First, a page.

"A review I read about the Live CD's of Cream in the 1960's not inspiring, well I can say to you, "Cream's reunion 2005 DVD". I can not stop watching this performance, it is so outstanding. Eric Clapton's fantastic guitar work during this reunion is inspirational, and is essential listening to any Cream or Eric Clapton fan.
Eric, with original members Jack Bruce and Ginger Baker performing like the superstars of old, rock the Albert Hall to the delight of thousands who were fortunate enough to be there. For us, the unlucky, this great 2 DVD Set can be ordered, and when played on a surround sound/ big screen system, this show comes alive. With outstanding editing, a high quality soundtrack, excellant near HD quality picture, this concert is at the top of my top ten list. This DVD sets the standard for outstanding music DVD videos."
OK, everybody, it's own-up time
Mr. Thomas Thatcher | Salisbury, UK | 01/22/2006
(5 out of 5 stars)

"First, I know that Amazon doesn't encourage too many personal comments but in this case I just have to offer some background. In 1966 and 1967 I had a power trio with Mike Wedgwood, later with Kiki Dee, Curved Air, Caravan and so on, and George Hart, who wrote much of the legendary "Death may be your Santa Claus" by Secondhand (see We loved the Beatles, the Kinks, the Who and the Stones as encapsulating harmony, melody, humour, whimsy, rhythmn and almost heart-stopping musical ability: and so we played tons of their songs. But we also loved Eric Clapton and the blues, and along came Cream. So we played the whole of "Fresh Cream" except for Toad - don't ask. I loved the band so much that I followed them around, and some of my souvenirs and memories are in Chris Welch's superb book "Cream", for review see - and if you like/liked Cream, get Chris' beautifully produced book. So mad- keen was I that I hitch-hiked from Salisbury to London to see Cream at the Saville Theatre in London (now long-closed) on the chance of getting a ticket - I did, and the only surviving programme is in Chris' book. They were on with the Bonzo Dog Doo Dah Band, believe it or not, and The Action.

Well, memory is a strange and deceptive mistress. I have a 19 year old son who s a demon sax player, and I am afraid that I have skewed his view of music by the "in my day..." nostalgia, although I don't regret introducing him to old school friend (yes, the same school!)Andy Sheppard on sax, because Andy is the best soprano player in the world: but I am aware that young kids can miss out on a lot of the good new stuff because "Dad thinks it's rubbish" - dangerous territory.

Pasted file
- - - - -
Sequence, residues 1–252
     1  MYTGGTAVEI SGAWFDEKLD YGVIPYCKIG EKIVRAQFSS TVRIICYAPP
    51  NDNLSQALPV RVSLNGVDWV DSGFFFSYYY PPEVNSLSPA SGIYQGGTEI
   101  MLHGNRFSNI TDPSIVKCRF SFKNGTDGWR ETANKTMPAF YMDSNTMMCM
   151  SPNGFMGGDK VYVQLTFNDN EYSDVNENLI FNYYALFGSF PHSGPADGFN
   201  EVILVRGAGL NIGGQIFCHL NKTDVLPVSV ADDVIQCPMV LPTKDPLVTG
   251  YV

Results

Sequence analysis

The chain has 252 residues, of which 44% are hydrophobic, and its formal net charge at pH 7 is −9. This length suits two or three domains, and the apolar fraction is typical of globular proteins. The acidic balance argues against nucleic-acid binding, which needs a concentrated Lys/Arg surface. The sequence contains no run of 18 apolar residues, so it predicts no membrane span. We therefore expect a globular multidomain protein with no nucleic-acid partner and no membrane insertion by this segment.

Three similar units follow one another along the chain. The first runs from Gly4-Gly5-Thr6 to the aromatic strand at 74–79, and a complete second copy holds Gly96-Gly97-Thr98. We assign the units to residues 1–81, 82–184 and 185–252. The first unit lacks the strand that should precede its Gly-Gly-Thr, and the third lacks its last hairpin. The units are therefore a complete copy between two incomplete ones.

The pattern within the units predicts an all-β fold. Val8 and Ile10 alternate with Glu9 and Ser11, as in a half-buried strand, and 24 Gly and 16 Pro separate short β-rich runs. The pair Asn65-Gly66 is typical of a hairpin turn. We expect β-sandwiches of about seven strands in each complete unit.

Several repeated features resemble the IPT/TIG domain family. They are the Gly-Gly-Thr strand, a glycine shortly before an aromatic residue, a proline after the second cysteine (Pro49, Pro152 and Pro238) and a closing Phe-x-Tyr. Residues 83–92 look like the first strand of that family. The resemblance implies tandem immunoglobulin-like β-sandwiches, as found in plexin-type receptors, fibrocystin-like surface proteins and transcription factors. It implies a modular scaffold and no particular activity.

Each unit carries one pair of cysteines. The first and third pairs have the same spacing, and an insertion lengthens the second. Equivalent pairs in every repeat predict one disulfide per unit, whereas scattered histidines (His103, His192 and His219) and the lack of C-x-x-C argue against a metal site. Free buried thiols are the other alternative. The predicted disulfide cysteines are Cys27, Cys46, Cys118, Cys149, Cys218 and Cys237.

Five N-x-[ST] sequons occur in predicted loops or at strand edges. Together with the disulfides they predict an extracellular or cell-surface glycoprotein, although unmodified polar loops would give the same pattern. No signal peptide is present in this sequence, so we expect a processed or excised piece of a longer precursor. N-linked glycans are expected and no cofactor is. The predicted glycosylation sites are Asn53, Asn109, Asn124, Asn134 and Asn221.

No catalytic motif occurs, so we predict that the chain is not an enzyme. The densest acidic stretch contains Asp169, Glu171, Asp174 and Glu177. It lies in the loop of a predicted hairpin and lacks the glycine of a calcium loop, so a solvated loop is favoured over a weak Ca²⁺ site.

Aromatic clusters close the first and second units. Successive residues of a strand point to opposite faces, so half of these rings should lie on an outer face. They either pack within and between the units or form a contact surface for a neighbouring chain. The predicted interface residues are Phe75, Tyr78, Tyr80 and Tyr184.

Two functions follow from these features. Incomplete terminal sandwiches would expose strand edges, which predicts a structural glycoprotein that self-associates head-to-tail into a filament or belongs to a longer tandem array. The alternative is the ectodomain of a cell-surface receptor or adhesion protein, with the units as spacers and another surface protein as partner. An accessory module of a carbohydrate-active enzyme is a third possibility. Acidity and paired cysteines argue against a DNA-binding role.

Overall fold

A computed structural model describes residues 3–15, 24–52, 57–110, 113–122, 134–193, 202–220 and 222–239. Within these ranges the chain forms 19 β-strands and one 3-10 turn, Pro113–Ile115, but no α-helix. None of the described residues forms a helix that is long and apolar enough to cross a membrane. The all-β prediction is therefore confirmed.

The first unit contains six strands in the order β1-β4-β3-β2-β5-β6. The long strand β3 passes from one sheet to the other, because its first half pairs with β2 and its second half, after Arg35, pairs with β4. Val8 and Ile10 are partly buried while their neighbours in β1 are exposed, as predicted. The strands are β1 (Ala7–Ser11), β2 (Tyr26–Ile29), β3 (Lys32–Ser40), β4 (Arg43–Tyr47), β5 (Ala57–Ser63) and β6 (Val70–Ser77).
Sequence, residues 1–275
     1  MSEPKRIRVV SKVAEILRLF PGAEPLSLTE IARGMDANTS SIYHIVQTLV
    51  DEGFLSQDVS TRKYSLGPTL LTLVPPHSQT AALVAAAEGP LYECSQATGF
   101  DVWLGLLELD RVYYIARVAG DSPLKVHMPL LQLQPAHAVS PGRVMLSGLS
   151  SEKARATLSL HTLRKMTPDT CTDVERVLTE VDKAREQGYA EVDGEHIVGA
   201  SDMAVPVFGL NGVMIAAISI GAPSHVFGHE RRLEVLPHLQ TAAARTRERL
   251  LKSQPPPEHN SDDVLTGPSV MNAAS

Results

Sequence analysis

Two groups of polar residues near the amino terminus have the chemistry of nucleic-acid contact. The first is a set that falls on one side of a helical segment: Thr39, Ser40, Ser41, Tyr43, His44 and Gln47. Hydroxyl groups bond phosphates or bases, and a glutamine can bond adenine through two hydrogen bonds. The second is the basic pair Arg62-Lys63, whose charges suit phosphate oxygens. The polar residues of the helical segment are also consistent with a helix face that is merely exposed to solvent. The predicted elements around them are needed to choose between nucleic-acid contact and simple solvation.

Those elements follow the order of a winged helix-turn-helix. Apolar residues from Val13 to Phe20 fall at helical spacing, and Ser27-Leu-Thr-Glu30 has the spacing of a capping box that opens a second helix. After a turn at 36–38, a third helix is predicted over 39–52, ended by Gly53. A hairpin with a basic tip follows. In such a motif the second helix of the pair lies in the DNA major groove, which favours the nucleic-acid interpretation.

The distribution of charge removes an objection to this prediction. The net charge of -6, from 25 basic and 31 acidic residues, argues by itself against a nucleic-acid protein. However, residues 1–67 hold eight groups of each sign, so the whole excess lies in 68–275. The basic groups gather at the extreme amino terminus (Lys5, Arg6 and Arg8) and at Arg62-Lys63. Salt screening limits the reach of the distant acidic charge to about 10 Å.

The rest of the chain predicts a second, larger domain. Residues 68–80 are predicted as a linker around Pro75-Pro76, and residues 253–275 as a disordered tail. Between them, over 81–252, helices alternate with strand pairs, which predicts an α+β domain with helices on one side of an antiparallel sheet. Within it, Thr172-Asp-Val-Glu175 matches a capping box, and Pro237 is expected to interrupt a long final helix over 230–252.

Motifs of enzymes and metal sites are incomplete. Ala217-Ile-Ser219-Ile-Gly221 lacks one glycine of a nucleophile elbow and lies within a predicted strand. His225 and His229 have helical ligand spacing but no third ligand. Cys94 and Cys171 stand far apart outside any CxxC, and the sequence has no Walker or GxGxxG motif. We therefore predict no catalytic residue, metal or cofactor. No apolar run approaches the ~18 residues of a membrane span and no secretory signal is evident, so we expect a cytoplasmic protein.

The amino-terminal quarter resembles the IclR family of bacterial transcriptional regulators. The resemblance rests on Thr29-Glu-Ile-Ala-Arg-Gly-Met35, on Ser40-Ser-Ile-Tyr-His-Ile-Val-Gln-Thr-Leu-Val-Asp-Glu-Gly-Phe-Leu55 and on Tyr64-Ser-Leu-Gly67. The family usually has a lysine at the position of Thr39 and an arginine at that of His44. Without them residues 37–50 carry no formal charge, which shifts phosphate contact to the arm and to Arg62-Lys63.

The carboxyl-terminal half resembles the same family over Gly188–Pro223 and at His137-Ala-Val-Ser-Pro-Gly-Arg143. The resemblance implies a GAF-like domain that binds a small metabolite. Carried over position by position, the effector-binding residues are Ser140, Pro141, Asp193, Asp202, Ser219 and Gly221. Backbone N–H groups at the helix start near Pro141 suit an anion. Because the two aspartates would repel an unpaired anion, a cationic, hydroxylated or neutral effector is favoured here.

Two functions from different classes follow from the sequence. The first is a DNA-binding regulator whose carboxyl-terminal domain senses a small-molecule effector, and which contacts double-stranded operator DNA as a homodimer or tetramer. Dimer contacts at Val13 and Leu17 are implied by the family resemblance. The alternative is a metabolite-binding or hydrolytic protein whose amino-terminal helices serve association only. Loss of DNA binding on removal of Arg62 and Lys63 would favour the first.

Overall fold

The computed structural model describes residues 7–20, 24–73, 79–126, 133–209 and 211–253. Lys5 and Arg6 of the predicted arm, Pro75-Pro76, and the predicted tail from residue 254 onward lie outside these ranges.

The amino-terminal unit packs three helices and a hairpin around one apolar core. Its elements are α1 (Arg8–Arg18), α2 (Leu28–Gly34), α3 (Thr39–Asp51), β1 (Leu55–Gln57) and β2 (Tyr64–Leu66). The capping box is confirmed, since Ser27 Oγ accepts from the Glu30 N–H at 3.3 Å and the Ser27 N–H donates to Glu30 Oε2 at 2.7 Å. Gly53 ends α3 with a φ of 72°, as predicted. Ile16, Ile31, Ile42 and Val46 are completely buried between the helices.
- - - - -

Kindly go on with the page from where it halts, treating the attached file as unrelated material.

But then, out of the blue, along comes a chance to see if all those old memories are just rose-tinted or actually quite accurate, with the announcement that Cream were reforming for 4 gigs only. So, after virtually remortgaging the house, I bought two tickets for the Thursday night and off son and I went.

When the three old boys walked on stage, the ovation was deafening. There was Jack, fresh from a liver transplant, the type of which poor old Rory Gallagher did not survive: there was Ginger, riddled with arthritis and in his sixties: and there was Eric, after a life of hard times, addiction problems and mixed musical fortunes.

And off they went. My God, and off they went. Several things I had forgotten: they can all sing and the harmonies were exceptional: Ginger's drum sound is the most exciting thing you could ever hear: Jack has the voice of an angel with a range denied to all but a very few: and Eric can play anything.

I know that it sounds unbelievable to those who were not there, but they were just about note-perfect from start to finish - and now we have this fantastic DVD to prove it. On a personal note, the "Stormy Monday" and "Toad" were both recorded the night we were there and both are just brilliantly played - what's that about the band jamming, everybody? After Toad, my son said that this was the best ten minutes of his musical life, having seen Jeff Beck, Stevie Winwood, Meatloaf, Eric and Andy Sheppard in the same 12 months. Other high spots are "We're going wrong" "Sunshine" (of course) "Rollin and a tumblin" and "Crossroads" (although the Wheels of Fire version is definitive).

The whole DVD is a joy to watch and the playing is mind-bending. It's not just three old mates having a good time, it's three absolutely faultless musicians having a good time. For once, son and I could compare notes and agree that perhaps' Dad's memory was not too bad after all. If you have not bought this DVD you should: the Stormy Monday alone is worth the price of admission on its own.

A few weeks ago, my wife was waitressing at a shoot on the downs (hills) near us. Eric was there and signed two programmes - one from 1967 and one from 2005. Same line-up, same music, same magic. He also signed a mug for my daughter, "To Izzie, Eric 2005". What an incredibly talented, nice and gentle man.

Cream rule. No competition."